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Groups disagree with Hanford cleanup decision via Tri-City Herald

The federal government issued its first final cleanup decision for one of Hanford’s reactors without incorporating changes recommended by the Hanford Advisory Board and environmental groups.

The Department of Energy and the Environmental Protection Agency adopted a plan for the area around Hanford’s former F Reactor that would leave radioactive waste deep underground in one place to decay over 264 years.

Groundwater contamination would be left to dissipate over 150 years.

“(The Department of Energy) is choosing to ignore overwhelming, common-sense input from citizens throughout the Pacific Northwest who want to see a proactive approach to reducing pollution that reaches the Columbia River from the Hanford site and the F Reactor area,” Dan Serres, conservation director for Columbia Riverkeeper, said in a statement.

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The board recommended that DOE and EPA take action to significantly reduce the time for cleanup goals to be reached after DOE released its proposed plan. The final decision largely adopted that proposal.

The board also expressed concern about DOE’s ability to restrict use of the land to prevent intrusion into areas with contamination far into the future.

The adopted decision requires digging up contamination in 91 places, but leaving radiological contamination deeper than 15 feet below ground in 15 places.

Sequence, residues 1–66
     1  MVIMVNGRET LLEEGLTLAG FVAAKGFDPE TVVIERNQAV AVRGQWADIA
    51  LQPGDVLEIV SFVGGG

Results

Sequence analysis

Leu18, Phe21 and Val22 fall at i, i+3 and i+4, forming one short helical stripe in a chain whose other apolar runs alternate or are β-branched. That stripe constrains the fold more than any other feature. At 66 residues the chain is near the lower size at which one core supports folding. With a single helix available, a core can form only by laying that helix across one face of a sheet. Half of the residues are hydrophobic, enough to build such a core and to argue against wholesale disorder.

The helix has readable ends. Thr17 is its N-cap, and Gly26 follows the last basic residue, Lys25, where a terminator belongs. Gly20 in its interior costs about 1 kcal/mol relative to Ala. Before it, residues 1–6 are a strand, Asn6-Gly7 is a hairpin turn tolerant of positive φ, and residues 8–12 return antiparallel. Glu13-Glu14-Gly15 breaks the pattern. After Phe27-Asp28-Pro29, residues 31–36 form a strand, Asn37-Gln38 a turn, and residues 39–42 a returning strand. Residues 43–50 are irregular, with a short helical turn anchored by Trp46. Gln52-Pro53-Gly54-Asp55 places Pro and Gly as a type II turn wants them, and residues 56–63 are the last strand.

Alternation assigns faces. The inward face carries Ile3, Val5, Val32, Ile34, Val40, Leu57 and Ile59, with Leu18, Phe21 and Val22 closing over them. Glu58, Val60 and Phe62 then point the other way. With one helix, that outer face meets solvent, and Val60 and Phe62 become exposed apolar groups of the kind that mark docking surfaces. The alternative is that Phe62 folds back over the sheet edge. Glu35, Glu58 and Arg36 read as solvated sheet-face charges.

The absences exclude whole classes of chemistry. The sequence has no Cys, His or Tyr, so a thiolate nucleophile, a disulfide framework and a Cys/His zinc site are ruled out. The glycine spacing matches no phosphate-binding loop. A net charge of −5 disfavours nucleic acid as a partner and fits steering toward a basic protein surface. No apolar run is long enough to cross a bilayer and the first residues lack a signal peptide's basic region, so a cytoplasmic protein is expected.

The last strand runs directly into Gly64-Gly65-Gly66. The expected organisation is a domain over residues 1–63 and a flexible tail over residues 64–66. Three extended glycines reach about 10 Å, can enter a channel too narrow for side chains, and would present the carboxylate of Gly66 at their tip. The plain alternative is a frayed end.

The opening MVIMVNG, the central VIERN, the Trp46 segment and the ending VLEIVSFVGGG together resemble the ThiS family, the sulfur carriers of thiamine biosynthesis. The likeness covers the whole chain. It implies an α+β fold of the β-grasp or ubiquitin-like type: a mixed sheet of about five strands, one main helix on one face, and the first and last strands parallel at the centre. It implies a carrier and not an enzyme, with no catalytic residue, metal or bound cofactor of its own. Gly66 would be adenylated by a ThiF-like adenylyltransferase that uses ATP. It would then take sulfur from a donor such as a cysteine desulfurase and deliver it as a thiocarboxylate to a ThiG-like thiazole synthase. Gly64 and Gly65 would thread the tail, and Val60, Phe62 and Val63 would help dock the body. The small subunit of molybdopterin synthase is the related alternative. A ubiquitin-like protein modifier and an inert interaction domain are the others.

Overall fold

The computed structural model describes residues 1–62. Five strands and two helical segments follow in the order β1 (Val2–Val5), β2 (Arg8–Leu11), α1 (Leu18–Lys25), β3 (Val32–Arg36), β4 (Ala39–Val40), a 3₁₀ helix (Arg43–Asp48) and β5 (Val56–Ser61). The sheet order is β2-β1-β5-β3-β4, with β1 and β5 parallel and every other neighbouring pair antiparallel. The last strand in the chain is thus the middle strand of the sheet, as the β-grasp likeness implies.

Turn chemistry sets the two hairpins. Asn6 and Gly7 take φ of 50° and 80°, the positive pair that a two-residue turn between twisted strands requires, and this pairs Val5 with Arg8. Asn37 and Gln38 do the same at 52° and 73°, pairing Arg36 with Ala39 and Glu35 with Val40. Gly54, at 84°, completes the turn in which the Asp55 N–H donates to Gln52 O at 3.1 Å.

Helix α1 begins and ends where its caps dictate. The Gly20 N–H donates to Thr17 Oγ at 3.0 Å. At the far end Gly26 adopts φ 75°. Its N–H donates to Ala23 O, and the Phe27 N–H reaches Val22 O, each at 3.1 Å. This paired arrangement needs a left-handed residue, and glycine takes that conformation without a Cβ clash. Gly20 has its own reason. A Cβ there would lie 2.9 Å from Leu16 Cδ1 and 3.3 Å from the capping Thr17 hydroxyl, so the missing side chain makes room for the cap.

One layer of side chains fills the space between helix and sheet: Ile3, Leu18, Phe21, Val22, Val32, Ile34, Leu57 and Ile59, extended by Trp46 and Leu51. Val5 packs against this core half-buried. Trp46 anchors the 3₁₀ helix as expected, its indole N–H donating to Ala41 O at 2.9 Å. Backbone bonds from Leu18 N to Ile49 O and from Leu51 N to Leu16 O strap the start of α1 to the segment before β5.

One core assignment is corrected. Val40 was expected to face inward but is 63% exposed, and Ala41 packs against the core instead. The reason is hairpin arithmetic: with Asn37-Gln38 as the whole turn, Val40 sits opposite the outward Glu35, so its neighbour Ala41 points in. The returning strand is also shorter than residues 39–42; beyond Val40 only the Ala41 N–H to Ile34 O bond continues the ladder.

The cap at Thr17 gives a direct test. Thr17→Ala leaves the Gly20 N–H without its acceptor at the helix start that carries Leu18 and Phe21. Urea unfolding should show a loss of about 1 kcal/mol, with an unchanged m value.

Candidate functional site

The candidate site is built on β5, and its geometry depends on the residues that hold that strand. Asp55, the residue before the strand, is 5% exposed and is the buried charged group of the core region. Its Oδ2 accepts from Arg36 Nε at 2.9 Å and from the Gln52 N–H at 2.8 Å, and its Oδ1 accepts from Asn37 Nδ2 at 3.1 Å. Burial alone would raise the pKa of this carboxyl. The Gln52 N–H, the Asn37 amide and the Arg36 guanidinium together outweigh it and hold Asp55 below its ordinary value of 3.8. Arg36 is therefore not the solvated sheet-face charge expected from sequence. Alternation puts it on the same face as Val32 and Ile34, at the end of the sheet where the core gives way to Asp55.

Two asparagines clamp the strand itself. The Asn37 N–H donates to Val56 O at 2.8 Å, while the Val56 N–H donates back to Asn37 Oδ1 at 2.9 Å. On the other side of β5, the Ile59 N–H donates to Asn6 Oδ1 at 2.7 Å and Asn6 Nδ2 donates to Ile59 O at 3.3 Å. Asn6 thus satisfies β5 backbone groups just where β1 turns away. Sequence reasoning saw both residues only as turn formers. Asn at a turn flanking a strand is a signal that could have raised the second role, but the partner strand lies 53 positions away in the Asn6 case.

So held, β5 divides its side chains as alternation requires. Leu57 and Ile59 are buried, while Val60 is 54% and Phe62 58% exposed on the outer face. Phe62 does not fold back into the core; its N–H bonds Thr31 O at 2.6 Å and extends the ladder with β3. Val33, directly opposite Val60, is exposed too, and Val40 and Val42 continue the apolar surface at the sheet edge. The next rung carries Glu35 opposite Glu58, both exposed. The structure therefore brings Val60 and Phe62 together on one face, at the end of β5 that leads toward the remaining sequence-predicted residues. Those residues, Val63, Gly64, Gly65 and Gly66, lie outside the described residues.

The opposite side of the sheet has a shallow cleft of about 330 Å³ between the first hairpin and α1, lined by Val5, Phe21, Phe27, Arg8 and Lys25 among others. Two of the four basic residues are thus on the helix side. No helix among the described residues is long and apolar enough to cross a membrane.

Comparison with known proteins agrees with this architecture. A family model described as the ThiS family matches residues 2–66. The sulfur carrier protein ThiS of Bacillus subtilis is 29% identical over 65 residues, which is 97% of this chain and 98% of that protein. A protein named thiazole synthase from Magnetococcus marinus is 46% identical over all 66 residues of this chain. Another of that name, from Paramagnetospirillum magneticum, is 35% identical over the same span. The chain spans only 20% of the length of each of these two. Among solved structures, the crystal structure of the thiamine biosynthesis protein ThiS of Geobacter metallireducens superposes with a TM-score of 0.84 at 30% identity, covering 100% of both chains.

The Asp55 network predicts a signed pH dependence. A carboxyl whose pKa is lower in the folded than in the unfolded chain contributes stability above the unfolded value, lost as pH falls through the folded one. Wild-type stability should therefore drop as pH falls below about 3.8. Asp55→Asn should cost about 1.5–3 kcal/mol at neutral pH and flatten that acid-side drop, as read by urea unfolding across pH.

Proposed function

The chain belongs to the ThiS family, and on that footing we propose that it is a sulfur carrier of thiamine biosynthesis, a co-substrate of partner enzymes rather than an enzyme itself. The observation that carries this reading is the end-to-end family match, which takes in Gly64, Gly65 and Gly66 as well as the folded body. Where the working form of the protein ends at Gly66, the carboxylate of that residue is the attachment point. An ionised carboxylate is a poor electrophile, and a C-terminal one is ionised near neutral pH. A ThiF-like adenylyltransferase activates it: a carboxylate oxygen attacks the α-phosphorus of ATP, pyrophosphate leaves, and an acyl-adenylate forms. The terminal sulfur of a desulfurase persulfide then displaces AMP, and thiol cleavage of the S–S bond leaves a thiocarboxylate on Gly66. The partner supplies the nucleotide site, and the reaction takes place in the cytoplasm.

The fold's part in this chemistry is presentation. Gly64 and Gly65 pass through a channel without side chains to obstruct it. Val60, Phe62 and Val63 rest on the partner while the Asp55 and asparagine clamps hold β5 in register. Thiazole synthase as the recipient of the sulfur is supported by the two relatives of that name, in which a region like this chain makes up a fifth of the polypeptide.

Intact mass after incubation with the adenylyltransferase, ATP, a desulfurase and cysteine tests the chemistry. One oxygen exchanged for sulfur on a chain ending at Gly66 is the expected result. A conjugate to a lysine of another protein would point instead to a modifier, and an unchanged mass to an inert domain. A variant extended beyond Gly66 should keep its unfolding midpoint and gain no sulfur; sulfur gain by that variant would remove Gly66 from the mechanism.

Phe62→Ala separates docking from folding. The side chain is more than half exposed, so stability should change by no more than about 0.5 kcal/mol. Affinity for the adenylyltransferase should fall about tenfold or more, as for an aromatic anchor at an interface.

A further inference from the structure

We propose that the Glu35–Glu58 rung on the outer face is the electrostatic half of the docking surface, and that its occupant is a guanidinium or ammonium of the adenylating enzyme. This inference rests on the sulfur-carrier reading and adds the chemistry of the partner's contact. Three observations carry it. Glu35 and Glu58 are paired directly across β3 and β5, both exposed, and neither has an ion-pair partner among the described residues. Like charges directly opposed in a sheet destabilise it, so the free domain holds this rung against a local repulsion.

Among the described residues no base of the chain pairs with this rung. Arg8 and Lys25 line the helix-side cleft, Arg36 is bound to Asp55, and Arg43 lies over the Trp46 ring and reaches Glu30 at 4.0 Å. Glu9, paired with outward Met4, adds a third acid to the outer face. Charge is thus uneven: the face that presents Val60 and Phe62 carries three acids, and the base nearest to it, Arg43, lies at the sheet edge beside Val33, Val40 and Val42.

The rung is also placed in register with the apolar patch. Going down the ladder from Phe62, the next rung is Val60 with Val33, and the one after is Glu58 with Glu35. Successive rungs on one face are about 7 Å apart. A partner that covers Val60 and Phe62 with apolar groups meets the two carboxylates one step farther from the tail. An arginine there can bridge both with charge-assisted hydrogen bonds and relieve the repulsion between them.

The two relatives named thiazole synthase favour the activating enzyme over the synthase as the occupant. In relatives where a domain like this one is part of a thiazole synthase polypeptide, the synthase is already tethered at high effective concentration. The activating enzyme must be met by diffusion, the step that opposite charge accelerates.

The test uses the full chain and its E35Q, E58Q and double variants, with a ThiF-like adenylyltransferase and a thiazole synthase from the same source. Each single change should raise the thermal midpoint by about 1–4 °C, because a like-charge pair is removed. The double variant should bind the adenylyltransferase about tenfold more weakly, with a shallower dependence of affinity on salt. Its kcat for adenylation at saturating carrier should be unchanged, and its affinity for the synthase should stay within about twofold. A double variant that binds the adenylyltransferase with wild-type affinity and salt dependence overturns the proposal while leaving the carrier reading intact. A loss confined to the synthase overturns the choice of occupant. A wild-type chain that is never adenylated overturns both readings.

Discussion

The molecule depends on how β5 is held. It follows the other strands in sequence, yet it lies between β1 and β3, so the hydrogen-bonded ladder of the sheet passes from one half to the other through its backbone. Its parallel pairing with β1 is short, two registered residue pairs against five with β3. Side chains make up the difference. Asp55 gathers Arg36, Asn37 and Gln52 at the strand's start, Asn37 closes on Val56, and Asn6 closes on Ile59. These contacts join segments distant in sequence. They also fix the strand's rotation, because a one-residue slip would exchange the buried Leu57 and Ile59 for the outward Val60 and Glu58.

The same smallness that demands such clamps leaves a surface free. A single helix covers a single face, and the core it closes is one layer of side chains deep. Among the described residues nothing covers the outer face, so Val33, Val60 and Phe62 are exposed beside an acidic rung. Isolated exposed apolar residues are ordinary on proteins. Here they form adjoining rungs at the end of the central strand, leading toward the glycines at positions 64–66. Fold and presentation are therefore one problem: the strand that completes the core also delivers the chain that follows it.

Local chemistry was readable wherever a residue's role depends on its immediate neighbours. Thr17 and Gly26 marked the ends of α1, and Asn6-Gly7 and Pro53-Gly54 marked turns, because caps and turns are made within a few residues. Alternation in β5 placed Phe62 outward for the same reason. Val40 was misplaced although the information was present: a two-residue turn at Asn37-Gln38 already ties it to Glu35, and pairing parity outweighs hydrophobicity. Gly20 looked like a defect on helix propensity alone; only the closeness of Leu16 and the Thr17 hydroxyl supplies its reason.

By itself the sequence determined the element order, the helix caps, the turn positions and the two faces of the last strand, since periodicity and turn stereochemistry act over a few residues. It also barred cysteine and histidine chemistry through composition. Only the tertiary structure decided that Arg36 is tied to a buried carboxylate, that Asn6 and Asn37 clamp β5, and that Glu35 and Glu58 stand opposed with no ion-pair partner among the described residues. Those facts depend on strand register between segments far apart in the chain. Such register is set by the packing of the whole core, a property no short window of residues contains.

Excavation restrictions to prevent contact with the contaminated soil would need to be in place, with limits at different sites lasting from the year 2033 to 2278. In one place, irrigation would need to be prohibited to prevent water from carrying contamination down to groundwater.

The agencies considered active treatment of already contaminated groundwater, including pumping up the water and cleaning it before reinjecting it into the ground, but instead settled on letting the contamination gradually dissipate.

Natural processes such as biodegradation, dispersion, dilution and radioactive decay would reduce contamination over 150 years to drinking water standards, the decision document said.

The cost of actively treating the groundwater would be $177 million to $194 million, while letting it dissipate while monitoring it with wells and restricting its use would cost $36 million, according to the decision document.

“We are disappointed that Energy has not opted to use available technologies for a thorough cleanup,” Emily Bays of Hanford Challenge said in a statement.

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